Wall on the border of Denmark
Denmark is to build a wall/fence along its border with Germany, to stop boar from Germany crossing over as these animals carry an infection called African Swine fever. This is highly contagious and while no cases have been found in Denmark, there is concern that it could threaten the domestic pork industry. Hunters will also be encouraged to hunt wild boar at night Continue reading “News in brief – Wall on Denmark border, Cleanup of Tesso Nillo, Great Pacific Garbage patch, Columbia highway, Leopards to control Rabies”
The Lynx is thought to number around 10,000 individuals across Europe. There are more smaller populations that have been created following reintroduction programmes so I will not break these down in the same way.
There are two species of lynx within Europe (these are significantly different animals and would likely be incapable of breeding together, unlike for instance Iberian wolves and French wolves). Continue reading “Predator recovery across Europe – Part 3 – Lynx”
The decline in bear numbers occurred earlier than wolves in many areas, and as bears are slow breeders compared to wolves it can take a long time for populations to recover.
In this post I will outline the main populations in Europe. Continue reading “Predator recovery across Europe – Part 2 – Bears”
In the United Kingdom it would take an act by humans to reintroduce animals that have become locally extinct. This is due to the English Channel, it is not possible for an animal to wander across the border. In theory wolves and potentially bears are capable of swimming the channel, but Normandy and Brittany are some of the least wild parts of France and so are unlikely to ever have significant populations of the predators. This means that we in the UK have a requirement to decide if we wish to reintroduce predators, which do not exist elsewhere. I have discussed this in depth in other articles. What I wish to talk about here, is the natural spread of predators back across Europe since the 1970 when increasing numbers of people moved to cities, leaving behind spaces to be filled. Continue reading “Predator recovery across Europe – Part 1 – Wolves”
Image by Ikiwaner
The last surviving male Northern White Rhino died recently. Sudan was 45 which is a good age for a rhino. Indeed were he not the last male of his species his passing would be unremarkable. He is survived only by his daughter and grand daughter. They live on the Ol Pejeta Conservancy in Kenya.
This should serve as a warning, as the Continue reading “Death of the last male Northern White Rhino”
A few years ago, on BBC Spring Watch, the presenters were talking about pine martens, and in the aftermath of the piece they did, it was discovered that there were still two populations of pine martens outside Scotland.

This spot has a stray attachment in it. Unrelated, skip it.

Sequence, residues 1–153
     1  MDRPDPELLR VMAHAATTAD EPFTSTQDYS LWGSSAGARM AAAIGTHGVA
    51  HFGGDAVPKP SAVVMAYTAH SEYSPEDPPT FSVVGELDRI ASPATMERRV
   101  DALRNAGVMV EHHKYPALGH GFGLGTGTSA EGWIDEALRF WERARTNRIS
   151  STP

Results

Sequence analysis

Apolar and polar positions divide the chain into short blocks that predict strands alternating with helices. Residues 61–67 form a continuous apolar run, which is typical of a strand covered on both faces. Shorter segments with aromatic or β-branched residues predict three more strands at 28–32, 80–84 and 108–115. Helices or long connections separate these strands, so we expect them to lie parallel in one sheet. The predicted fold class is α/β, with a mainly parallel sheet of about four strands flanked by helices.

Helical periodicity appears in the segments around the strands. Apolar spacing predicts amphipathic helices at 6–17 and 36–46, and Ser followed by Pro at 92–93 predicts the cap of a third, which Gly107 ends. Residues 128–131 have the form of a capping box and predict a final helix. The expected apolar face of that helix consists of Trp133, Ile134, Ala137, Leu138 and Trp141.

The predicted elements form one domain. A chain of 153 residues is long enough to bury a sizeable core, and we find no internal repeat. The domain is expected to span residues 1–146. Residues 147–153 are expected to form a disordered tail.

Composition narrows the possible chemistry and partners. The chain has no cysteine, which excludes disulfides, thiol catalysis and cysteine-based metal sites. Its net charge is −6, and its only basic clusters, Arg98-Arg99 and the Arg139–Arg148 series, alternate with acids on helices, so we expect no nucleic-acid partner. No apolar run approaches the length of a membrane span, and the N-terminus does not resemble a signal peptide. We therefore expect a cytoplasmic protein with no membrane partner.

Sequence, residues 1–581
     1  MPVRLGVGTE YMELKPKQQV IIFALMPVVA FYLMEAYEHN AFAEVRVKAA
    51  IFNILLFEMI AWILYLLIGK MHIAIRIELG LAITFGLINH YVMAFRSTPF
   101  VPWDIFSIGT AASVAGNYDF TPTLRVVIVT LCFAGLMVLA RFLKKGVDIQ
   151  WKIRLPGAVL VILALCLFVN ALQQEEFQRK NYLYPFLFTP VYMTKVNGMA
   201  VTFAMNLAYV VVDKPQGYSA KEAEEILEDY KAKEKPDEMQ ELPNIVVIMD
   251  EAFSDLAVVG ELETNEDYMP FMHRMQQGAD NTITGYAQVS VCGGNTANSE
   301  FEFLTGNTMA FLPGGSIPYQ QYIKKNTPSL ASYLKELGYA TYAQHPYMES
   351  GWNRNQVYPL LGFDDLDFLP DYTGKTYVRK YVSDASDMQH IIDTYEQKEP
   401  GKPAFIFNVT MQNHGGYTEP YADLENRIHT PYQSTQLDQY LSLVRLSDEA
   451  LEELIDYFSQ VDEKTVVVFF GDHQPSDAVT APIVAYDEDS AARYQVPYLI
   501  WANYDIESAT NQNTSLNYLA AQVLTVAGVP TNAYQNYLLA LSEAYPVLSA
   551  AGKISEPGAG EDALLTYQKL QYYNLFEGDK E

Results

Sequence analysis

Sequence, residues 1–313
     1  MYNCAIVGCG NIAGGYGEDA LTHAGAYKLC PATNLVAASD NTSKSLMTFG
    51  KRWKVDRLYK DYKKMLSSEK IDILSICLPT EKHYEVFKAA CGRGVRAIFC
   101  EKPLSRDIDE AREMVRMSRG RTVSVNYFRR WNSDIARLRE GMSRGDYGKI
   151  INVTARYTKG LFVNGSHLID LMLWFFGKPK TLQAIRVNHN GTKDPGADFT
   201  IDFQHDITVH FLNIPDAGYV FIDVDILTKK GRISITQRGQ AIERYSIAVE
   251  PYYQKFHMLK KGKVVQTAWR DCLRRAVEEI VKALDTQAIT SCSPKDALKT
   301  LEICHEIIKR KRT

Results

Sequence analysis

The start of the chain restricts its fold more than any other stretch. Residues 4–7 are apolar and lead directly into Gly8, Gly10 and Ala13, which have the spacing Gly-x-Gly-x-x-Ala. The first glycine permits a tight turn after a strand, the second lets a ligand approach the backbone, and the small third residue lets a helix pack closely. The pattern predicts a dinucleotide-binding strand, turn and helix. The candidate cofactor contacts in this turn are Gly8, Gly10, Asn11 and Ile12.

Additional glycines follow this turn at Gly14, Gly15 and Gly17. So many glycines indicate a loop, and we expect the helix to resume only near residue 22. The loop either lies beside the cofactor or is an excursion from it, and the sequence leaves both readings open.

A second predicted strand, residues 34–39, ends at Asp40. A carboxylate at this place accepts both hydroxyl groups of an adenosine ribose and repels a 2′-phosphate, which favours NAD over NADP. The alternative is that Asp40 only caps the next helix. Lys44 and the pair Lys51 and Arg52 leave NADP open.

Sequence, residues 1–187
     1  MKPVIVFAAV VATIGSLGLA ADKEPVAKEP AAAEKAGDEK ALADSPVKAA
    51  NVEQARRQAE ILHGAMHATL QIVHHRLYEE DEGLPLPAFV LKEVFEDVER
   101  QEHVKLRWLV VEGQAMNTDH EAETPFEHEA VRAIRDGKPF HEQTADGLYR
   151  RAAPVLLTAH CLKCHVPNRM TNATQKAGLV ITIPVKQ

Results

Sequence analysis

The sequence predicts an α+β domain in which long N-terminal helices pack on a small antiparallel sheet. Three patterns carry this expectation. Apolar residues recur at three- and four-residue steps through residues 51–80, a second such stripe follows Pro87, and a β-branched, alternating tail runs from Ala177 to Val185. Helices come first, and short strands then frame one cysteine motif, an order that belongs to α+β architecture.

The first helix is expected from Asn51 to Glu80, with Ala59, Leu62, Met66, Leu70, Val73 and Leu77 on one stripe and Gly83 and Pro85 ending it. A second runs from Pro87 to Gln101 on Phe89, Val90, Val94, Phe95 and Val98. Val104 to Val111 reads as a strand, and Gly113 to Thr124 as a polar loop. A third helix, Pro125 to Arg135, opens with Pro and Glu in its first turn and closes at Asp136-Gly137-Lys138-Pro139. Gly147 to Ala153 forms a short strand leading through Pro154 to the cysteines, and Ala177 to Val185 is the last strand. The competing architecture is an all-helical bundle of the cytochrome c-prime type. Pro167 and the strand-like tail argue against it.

One of these was in Wales, where sightings were made on 40+ occasions.
Continue reading “Discovery of pine marten populations in the UK”
In order to fulfil their purpose of giving a place for large mammals to live naturally, many national parks and nature reserves are very large. Often this is a great draw for tourism, and when done right can create a healthy income for many people living in the area around the park.
However, this area is also a something that often takes a great deal of time to drive around, adding cost for the rest of the economy and so often the road is built across the park. In the short term this can often appear like a good idea, but can have serious problems.
Continue reading “Roads through protected areas”
Peru has set up a national park of 868,000 hectares that will protect the areas many animals and native people. This is one of the remaining areas of untouched Amazon within Peru. A recent survey saw showed that this area had a good population of giant otters. This is particularly exciting because, Continue reading “News in brief – Otters in Peru, Adelie Penguins and Spring in the Arctic”
Grey squirrels- invaders
These animals cause significant damage to woodland throughout the UK. They were first introduced to Henbury park in Cheshire, but have quickly spread. Being less reliant on trees than red squirrels they have done very well though it is thought that red squirrels were not doing well anyway. A great deal of money and time has been spent trying to control their spread, as they often carry squirrel pox which kills red squirrels quickly, meaning they don’t share land for long.
Continue reading “UK extinct species and imported species – Part 2”
Huge numbers of species have been disappearing from some or all of their original range in the wild. While there are other reasons for animals to disappear from areas, humans are usually the biggest. This is certainly the case on a micro scale. The majority of impacts of climate change has shifted the entire range for a species in one direction or another. Many mountainous species have shifted their range up hill as the planet has warmed. The problem with this shifting is that often it leaves species stuck in small areas of suitable habitat at the top of hills or mountains. Continue reading “UK extinct species and imported species – Part 1”